Handheld Binoculars

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Hand-held binoculars are the choice for extreme portability, casual observing, and as a preliminary "sky-scanner" used in conjunction with a larger instrument. Almost all binoculars, including cheap plastic opera glasses, will show you more than the naked eye, but a sensible lower limit of aperture for portable astronomical binoculars is 30 mm. If extreme portability is not an issue, 40 mm is significantly better as it will admit more than 75 percent more light. As aperture increases, so does the weight of the binocular, making it increasingly difficult to hold steadily. The sensible upper limit of aperture for hand-holding is normally considered to be 50 mm. Larger apertures than this can be held for short periods, but are too tiring to use for anything other than very brief views.

For many years the commonsense view was that the limit to magnification for hand-held 50-mm binoculars was x7. This is probably because 7x50 was, and still is, the most common size of hand-held marine binoculars. While it is true that they are easier to hold steady than, say 10x50, most of us do not do our astronomy from the moving deck of a boat. There are very few astronomical objects that are better at 7x50 than at 10x50, and it is perfectly possible to hold 10x50 binoculars sufficiently steady when our observing platform is the ground (see Chapter 6).The increased magnification of the 10x50 allows us to see more detail and generally gives more satisfying views. This is reflected in its higher rating in every performance index except relative brightness, and even this difference is reduced for those of us whose pupils do not dilate sufficiently to enable us to use the full 7-mm exit pupil of the 7x50 (Figure 3.2).

There is perennial debate on whether, if you use small or medium-sized binoculars for astronomy, you should use Porro prism or roof prism binoculars. The

Figure 3.2. Variety of 10x50 porro-prism binoculars. L to R: Older style center-focus Z-body with fixed eyecups (Zenith); Robust center-focus B-body style (Swift Newport); Modern lightweight center-focus Z-body with folding eyecups (Helios Naturesport); Robust individual focus Z-body (Strathspey Marine).

conventional wisdom is that Porro prism binoculars are better for astronomy. While it is certainly true that for the same price Porro prism binoculars tend to have superior optical quality, good quality roof prism binoculars are as optically and mechanically good as good quality Porro prism binoculars. The roof prism binoculars tend to be lighter and more compact and are therefore generally easier and more comfortable to hold. Over recent years I have found that I use my 10x42 roof prisms more than my 10x50 Porro prisms, and a side-by-side comparison shows that I see no more in the Porros when I hand-hold them, although they do show very slightly more when they are mounted. Roof prism binoculars also have the advantage that they can more easily be made waterproof, as the focusing mechanism is usually internal.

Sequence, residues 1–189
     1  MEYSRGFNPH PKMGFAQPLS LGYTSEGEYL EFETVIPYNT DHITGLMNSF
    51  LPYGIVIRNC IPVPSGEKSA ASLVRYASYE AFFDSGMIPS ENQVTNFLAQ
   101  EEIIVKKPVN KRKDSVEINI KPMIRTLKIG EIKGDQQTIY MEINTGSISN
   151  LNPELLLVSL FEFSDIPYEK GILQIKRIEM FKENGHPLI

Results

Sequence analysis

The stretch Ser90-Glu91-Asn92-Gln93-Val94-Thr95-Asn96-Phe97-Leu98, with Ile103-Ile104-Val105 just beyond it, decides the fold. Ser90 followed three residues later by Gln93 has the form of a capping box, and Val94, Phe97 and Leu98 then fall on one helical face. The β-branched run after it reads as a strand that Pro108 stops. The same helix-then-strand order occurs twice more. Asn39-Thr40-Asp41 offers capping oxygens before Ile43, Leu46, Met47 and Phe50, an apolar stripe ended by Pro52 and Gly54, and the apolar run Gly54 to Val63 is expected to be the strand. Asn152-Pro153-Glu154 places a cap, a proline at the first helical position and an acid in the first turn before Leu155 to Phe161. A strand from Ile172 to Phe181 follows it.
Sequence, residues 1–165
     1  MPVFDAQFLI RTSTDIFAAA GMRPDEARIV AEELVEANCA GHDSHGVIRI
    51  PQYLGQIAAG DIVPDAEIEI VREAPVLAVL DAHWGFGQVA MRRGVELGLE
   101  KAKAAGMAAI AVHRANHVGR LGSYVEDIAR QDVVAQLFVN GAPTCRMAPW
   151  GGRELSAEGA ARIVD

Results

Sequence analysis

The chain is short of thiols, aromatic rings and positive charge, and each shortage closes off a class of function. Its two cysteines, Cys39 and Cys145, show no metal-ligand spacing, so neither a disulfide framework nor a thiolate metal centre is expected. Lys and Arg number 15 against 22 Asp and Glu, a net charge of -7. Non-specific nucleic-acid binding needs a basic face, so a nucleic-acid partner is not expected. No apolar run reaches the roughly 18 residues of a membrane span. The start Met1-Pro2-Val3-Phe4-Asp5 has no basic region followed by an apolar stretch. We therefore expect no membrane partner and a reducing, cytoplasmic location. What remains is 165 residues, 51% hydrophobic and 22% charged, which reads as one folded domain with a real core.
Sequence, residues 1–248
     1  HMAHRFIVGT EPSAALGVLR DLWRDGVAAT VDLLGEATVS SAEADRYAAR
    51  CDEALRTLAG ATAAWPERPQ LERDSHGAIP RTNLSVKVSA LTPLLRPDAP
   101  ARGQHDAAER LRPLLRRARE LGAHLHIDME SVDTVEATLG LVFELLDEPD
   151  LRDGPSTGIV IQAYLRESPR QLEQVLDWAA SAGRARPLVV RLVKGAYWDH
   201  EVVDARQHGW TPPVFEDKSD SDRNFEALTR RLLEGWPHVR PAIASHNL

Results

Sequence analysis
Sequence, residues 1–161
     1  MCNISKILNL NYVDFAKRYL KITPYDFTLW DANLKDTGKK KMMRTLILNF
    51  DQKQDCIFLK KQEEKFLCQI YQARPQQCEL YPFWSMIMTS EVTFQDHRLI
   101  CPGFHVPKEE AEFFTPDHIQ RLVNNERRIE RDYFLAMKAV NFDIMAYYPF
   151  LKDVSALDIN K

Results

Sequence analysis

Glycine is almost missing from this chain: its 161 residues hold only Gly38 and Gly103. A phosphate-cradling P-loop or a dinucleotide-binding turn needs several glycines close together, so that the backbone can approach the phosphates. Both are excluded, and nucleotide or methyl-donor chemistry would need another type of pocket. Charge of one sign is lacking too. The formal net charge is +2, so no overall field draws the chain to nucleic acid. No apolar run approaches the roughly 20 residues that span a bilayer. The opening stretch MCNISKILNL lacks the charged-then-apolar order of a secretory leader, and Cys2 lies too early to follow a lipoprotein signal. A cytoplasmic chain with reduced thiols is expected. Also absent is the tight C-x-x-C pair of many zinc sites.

If you choose Porro prism binoculars, you may also have a choice between center-focus and independent eyepiece focus. There are no advantages to center focus if the binoculars are to be used exclusively for astronomy, but if you intend to use them for terrestrial purposes (e.g., bird watching or horse racing) then you should get center focus. My preference for astronomy is independent focusing eyepieces. They tend to be more mechanically robust, do not suffer from a rocking bridge, and modern ones tend to be waterproof and nitrogen filled, reducing the likelihood of internal fogging.

Another option for hand-held binoculars is image stabilization. This feature incorporates an electronic system that compensates for motion and vibration. Different manufacturers employ different stabilization systems, which were developed initially for military surveillance and not for astronomy. A test report in Sky & Telescope suggests that the best stabilization system for astronomical observation is that employed by Canon, whose optics were also superior.4 In addition to the stabilization system, the optics are essentially a roof prism system with a field flattener (see Chapter 2) incorporated into the design. The stabilization system (see Chapter 2) compensates for shake and the result is that you can see fainter objects and more detail. A 10x30 IS binocular will show most people more than a conventional 10x50. While a 10x30 IS is sufficiently lightweight (600g/1.25lb) to be held for relatively long periods, the larger 15x50 IS and 18x50 IS are heavy enough to be tiring

to hold for extended periods. If you are considering purchasing image stabilized binoculars, you should be aware that the image stabilization mechanism requires battery power, and that the life of batteries, particularly alkaline batteries, is reduced in cold weather. Without power, the binoculars can be used as conventional binoculars (Figure 3.3).

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